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FEATURED INTERVIEWS

  •  New Orleans trumpeter Nicholas Payton has never conformed to anyone or anything. Reading his Facebook posts and Twitter “tweets”, you sort of get an idea about how un-traditional he is. He speaks his mind and, should someone attempt to challenge…
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  • Born in Dallas, Texas and now happily domiciled in Los Angeles, bass player Edwin Livingston could be described as being on the crest of a wave.  His CD 'Transitions' was released in late 2010 and when recently I caught up…
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  • George Duke is a multi Grammy Award winning legend. So, when I called him to get a few quick quotes for my France Joli interview (he produced her album 'Witch Of Love') I quickly realized I needed to milk this…
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  • Kem Owens
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    Adekemi Owens, known professionally and affectionately to music fans as "Kem," has come a long way from Nashville, Tennessee to his current hometown of Detroit, Michigan. So, one figures that is why this musical genius has written and performed songs…
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Donna Kimura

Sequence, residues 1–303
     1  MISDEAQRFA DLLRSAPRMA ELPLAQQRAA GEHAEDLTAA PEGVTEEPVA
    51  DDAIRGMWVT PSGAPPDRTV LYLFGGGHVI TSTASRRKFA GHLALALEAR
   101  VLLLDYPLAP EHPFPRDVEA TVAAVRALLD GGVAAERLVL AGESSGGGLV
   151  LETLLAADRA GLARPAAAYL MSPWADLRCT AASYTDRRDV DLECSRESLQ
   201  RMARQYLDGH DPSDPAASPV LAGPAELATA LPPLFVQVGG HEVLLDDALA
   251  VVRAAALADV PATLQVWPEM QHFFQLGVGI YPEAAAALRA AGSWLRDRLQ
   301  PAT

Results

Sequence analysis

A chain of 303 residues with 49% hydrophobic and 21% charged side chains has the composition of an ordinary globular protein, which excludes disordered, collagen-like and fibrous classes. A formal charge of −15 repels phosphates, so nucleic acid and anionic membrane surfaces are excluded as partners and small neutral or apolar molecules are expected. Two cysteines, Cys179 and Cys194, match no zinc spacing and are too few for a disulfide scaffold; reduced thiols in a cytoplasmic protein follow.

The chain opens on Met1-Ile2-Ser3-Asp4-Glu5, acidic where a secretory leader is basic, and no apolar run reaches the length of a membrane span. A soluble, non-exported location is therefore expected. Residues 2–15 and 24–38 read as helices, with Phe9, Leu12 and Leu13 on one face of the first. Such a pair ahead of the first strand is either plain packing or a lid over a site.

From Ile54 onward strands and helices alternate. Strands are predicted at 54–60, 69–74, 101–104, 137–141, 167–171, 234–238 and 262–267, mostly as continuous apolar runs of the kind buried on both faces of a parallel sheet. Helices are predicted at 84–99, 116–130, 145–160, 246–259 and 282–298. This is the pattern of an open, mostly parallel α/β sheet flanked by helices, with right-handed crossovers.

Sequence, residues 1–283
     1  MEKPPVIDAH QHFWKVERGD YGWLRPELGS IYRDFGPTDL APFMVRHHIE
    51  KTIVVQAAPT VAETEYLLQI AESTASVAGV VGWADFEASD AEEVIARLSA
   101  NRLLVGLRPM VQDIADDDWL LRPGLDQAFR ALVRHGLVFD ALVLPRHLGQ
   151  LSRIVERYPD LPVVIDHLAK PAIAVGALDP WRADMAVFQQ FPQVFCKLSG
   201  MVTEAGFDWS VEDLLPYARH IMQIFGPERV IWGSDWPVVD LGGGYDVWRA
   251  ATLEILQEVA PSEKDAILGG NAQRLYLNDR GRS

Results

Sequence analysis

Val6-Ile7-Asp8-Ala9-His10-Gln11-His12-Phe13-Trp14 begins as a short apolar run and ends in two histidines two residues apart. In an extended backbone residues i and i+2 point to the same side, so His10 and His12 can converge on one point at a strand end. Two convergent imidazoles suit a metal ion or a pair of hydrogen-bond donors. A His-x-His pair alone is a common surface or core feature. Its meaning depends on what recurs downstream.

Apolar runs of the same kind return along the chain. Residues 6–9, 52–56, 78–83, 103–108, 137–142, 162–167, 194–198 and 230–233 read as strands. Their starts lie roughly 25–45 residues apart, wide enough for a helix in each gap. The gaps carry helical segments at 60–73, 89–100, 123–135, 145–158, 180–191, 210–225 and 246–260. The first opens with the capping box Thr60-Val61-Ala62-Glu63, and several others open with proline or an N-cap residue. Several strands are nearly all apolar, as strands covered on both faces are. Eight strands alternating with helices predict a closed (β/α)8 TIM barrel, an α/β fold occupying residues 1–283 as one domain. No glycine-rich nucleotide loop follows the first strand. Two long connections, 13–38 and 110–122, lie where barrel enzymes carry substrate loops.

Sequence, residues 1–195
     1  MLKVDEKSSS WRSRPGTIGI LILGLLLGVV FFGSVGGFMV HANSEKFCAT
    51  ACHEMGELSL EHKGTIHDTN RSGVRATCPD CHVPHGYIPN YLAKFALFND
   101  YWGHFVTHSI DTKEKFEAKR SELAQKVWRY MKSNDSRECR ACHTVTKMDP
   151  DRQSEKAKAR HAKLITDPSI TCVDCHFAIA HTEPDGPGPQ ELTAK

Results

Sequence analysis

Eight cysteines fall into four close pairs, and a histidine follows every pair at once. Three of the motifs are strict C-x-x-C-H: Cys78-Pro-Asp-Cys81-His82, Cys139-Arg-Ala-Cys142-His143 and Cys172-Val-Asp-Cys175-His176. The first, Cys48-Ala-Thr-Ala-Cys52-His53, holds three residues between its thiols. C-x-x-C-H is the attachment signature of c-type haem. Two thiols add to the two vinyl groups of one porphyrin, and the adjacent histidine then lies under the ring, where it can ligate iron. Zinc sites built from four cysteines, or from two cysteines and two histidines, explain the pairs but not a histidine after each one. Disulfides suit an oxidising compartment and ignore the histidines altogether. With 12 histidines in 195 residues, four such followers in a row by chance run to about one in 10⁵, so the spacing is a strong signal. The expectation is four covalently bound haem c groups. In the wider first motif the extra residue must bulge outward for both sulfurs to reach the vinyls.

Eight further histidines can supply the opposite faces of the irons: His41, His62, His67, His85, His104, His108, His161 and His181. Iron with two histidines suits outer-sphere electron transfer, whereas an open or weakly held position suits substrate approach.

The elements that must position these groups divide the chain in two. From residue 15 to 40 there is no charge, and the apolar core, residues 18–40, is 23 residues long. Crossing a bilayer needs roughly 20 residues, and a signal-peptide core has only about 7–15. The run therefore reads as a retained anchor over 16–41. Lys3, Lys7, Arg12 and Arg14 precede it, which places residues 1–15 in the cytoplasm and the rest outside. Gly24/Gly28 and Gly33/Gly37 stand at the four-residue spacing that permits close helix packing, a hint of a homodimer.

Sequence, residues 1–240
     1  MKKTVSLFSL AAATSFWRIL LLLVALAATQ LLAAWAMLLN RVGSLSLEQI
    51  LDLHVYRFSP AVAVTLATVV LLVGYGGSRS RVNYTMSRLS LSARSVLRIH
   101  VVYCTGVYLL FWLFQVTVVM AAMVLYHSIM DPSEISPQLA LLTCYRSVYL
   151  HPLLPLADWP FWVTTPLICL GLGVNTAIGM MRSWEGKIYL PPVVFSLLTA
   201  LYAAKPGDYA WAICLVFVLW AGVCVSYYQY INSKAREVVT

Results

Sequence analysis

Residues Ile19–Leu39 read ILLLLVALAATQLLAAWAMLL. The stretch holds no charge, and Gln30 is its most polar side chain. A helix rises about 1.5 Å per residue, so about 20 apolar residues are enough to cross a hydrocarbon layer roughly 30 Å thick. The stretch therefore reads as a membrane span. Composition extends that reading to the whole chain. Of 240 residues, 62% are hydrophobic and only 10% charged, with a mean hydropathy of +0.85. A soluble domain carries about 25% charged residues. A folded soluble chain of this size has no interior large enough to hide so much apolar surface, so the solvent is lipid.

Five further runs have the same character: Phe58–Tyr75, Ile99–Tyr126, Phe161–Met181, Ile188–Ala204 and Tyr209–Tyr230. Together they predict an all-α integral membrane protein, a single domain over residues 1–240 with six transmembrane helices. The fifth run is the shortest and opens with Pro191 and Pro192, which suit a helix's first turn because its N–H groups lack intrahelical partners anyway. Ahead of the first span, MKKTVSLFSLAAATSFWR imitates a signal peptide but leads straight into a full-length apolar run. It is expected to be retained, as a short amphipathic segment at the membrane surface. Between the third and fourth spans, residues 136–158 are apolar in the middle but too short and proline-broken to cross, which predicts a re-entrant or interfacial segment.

Donna Kimura

Jacqui Naylor journeyed to all points on her rich musical landscape during a recent show at Yoshi’s in Oakland, Calif.

Back in her native Bay Area after extensive touring, Naylor was loose and confident, kicking off the show with the Talking Heads’ "Once in a Lifetime." Her smoky vocals made the song soar as her band smoothly melded the music of Weather Report’s "Birdland" behind her.

The song is an example of Naylor's "acoustic smashing," her process of blending a rock song with a jazz tu

29.01.2011

Wilson Heats Up S.F.

Published in Concert Reviews
Cassandra Wilson stood on stage and confessed that she wanted to sing in one place for a year.

The audience answered by making the case for San Francisco to be just the spot to realize that wish.

The acclaimed singer had the crowd from her opening tune, "Caravan." Known for her adventurous repertoire, Wilson performed a stellar, although short, set that stretched from jazz standards to an old blues number. The show was part of Wilson’s six-night run at the splashy new Yoshi’s in San Franci

Only in Nellie McKay's world does Cole Porter's "Don't Fence Me In" become a song about illegal immigration.

"Give me land, lots of land under starry skies above," she sang, gently strumming a ukulele. "Don't fence me in."

That's McKay in a nutshell. She's an uncommon blend of bite and sentiment. She's both wise and a wiseass.

The young pop-jazz singer performed at San Francisco’s The Independent on the heels of the release of her fine third CD, Obligatory Villager

On a damp Chicago night that had the first feel of fall, Patricia Barber showed that she is one of jazz music’s top artists.

The singer-pianist performed a solid, sometimes daring, two-set show that featured instrumental and vocal numbers, originals and covers.